Reforming Public Child Welfare in Indiana, 2007-2009 (ICPSR 26343)

Version Date: Nov 20, 2018 View help for published

Principal Investigator(s): View help for Principal Investigator(s)
Gail Folaron, Indiana University School of Social Work; Sabrina Williamson Sullenberger, Indiana University School of Social Work

https://doi.org/10.3886/ICPSR26343.v1

Version V1

The study of Indiana's Child Welfare reform was designed to identify community professionals' perceptions of the Department of Child Services (DCS) following the release of a pilot program to reform child welfare in the state of Indiana. In December, 2005, the pilot project was officially rolled out in three regions of the state. The three chosen regions of the state included 11 county agencies with both urban and rural population centers. Together these regions represented 28% of the state's CHINS (Child In Need of Service) population and 20% of the child fatalities for 2004. This study represents data collected to identify perceptions of the DCS by sending a survey to professionals in the 11 pilot and 12 comparison counties. The survey questions were arranged by categories of safety, permanency, well-being, DCS goals, the reform, team meetings, and demographics. Nine separate instruments were developed and disseminated for each community group.

The community professionals surveyed included: Court Appointed Special Advocates (CASAs), foster parents, judges, Law Enforcement Agencies (LEAs), medical and public health professionals, schools, social service professionals, and mental health professionals. Survey instruments were tailored to each audience, with questions that were derived from the DCS "Framework for Individualized Needs-Based Child Welfare Service Provisions," which outlined the agency's core practice values and principles.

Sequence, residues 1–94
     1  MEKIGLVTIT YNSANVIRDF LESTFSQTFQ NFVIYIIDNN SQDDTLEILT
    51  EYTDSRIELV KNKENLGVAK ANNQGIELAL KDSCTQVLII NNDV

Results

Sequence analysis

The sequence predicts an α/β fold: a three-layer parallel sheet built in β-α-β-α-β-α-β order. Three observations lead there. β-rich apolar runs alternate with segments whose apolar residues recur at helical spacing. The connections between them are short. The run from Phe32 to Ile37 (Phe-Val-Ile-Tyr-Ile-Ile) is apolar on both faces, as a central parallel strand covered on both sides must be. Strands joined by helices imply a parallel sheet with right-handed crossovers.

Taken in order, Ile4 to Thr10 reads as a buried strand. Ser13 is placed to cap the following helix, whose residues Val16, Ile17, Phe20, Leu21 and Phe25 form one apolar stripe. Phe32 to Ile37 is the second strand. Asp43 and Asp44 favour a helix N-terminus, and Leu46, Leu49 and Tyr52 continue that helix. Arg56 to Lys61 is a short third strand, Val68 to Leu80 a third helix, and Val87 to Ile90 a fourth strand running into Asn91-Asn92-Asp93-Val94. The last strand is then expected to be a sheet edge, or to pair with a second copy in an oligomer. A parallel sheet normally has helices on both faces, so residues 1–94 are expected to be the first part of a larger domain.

Folaron, Gail, and Williamson Sullenberger, Sabrina. Reforming Public Child Welfare in Indiana, 2007-2009. Ann Arbor, MI: Inter-university Consortium for Political and Social Research [distributor], 2018-11-20. https://doi.org/10.3886/ICPSR26343.v1

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United States Department of Justice. Office of Justice Programs. Office of Juvenile Justice and Delinquency Prevention (2006-JW-BX-0071)

County

Inter-university Consortium for Political and Social Research
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2007 -- 2009
2006-02-06 -- 2009-13-12
  1. The qualitative observation files associated with this study are not available as part of this data collection at this time.

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The purpose of this study was to examine the perceptions of key community professionals in the three pilot regions to determine whether they perceive changes in the practices of DCS staff and, if they do, how this has affected their relationships and interactions with the Department of Child Services (DCS).

Surveys were distributed to community partners in the 11 pilot and 12 control counties at two points in time. The community groups included school personnel, hospital professionals, public health officials, law enforcement, mental health/social service providers, and Court Appointed Special Advocates (CASAs), judges, and foster parents. The selection of these specific community groups was based on Department of Child Services (DCS) reporting statistics. School personnel, for example, made up 20% of the reports to CPS in 2005.